TITUS ANDRONICUS: Hiraeth Artistic Productions
TITUS ANDRONICUS: EDINBURGH FRINGE
- Director: Zoé Ford
- Assistant Director: Lily Alyss
- Designer: Nadia Malik
Hiraeth Artistic Productions have brought their version of Titus Andronicus to Edinburgh after a run at the Arcola in London that produced almost universal acclaim.
The treatment swaps late Roman Empire for the 1980s with the majority of the characters being skinheads. The Goths of Shakespeare’s original are … Goths as in the post-punk sense who have emigrated from Ireland. Titus’s family and followers are crazed revival skinheads shown plotting their turf wars while dancing to electropop and swilling Special Brew.
I saw nothing in this radical reworking of eleventh-century Rome to 1980s Britain by director Zoé Ford that couldn't be justified through a close reading of text and stage directions. The anachronisms are all carefully judged and serve to make the plot as written accessible. In an Edinburgh Fringe otherwise bereft of intelligent use of Shakespeare, the brilliance of this production proved a beacon.
There were two productions of the play at last year’s Fringe and it’s gratifying that young directors are finding relevance in the piece despite its dismal plot focus. Their approaches seem in no way fettered by the phenomenal success of the Julie Taymor film version. Hiraeth communicate the topical relevance of their material from the off as audience members are confronted by skinheads distributing xenophobic flyers before we have even entered the venue.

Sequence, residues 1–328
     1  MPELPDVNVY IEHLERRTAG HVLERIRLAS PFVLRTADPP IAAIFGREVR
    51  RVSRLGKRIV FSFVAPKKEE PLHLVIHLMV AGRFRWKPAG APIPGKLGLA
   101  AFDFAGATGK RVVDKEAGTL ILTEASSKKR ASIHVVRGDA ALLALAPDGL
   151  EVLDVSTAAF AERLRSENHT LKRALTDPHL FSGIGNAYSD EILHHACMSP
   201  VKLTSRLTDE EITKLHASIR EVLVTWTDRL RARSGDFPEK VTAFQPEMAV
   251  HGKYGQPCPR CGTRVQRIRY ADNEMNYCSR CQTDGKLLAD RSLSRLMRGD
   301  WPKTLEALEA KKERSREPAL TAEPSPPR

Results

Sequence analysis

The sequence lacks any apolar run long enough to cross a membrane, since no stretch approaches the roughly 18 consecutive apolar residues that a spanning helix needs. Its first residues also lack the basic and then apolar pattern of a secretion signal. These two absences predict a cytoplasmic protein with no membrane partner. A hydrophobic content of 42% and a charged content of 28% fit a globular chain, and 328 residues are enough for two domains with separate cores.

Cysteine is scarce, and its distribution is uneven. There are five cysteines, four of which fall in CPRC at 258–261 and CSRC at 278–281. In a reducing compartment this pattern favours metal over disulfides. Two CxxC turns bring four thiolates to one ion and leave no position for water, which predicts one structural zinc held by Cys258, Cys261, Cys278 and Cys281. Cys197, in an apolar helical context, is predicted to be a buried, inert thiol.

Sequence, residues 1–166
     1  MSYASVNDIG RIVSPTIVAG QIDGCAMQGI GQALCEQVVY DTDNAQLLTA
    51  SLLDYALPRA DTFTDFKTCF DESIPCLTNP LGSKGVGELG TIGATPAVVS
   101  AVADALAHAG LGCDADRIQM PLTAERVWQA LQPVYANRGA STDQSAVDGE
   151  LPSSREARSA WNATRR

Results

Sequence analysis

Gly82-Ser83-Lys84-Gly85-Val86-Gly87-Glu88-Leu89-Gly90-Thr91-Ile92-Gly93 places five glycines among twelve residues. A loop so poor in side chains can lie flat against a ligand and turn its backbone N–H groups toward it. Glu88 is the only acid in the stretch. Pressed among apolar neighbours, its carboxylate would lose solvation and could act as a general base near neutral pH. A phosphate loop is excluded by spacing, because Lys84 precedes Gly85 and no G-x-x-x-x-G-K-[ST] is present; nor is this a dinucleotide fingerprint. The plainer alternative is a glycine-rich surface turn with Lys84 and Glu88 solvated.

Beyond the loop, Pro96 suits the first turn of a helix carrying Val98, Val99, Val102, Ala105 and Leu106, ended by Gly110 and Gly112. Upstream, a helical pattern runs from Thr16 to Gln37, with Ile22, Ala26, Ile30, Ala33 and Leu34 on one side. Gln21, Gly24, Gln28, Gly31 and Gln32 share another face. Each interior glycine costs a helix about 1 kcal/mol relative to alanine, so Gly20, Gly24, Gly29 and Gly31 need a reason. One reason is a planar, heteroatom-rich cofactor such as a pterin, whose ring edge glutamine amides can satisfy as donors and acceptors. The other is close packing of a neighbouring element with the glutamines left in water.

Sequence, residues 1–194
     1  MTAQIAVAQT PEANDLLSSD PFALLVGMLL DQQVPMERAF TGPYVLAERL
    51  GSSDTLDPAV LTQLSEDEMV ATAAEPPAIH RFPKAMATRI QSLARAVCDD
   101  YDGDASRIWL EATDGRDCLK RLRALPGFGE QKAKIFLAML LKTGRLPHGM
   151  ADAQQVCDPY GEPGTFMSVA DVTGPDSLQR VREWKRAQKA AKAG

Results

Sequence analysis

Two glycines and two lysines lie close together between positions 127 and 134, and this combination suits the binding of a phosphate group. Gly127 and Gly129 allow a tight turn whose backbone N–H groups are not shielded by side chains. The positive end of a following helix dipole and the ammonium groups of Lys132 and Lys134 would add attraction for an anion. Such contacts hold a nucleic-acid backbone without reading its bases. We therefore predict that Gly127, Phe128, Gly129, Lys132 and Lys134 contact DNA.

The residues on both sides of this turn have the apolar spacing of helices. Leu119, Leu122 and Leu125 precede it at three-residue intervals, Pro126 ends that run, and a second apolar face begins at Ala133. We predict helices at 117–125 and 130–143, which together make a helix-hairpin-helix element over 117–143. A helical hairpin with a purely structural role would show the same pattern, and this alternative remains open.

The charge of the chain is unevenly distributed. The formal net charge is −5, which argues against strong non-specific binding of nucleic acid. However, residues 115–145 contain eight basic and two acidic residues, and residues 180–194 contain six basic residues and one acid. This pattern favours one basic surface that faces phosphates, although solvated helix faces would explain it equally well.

Occasionally fazed by the violence (notably the rape and mutilation of Lavinia) and with the characters’ racist tattoos being flourished inches from my face, I sat entranced in a black box set that depicts a decrepit north London council flat. Dr. Martens boots and flick knives became as intimidating as the armour of a Roman centurion.
What I particularly like about Ford’s approach is that while this is indeed the dreaded ‘concept’ production, she shows rigour in continuing to probe at her shift of time and place in order to illustrate how late twentieth-century National Front extremism has parallels with the period of Seneca.
Within a few scenes, judicious use of updated cultural references mean the plot and its new setting begin to fuse. The conceit works: it becomes logical that Emperor Saturninus should be a drug lord while the Moorish elements in the original are reflected in the culture of Jamaican Yardies from our own day. The synthesised music of Human League and Madness becomes an apt backdrop for the endless cycle of violence while Martyn August’s light touch with choreography echoes the general discipline of the production. He hints subtly at yet more cruelties off stage. Not once do Hiraeth make an obvious or lazy choice and designer Nadia Malik avoids any gratuitous blood-letting amid a spare set in which mesh fencing symbolises urban decay and the Cross of St George predominates.
This could have been a train wreck of a production with materials warped out of their natural guise and a bovver-booting of the plot. The company’s Edinburgh debut is in fact a triumph that draws on the elasticity of Shakespeare's verse (it survives the transition intact with just the odd self-aware anachronistic profanity) and the magnetism of David Vaughn Knight as the title character. Diction proves clear, naturalistic, un-shouty and unmannered despite adoption of regional accents. The cast have worked hard at their verse-speaking since the London run. I left exhausted and exhilarated.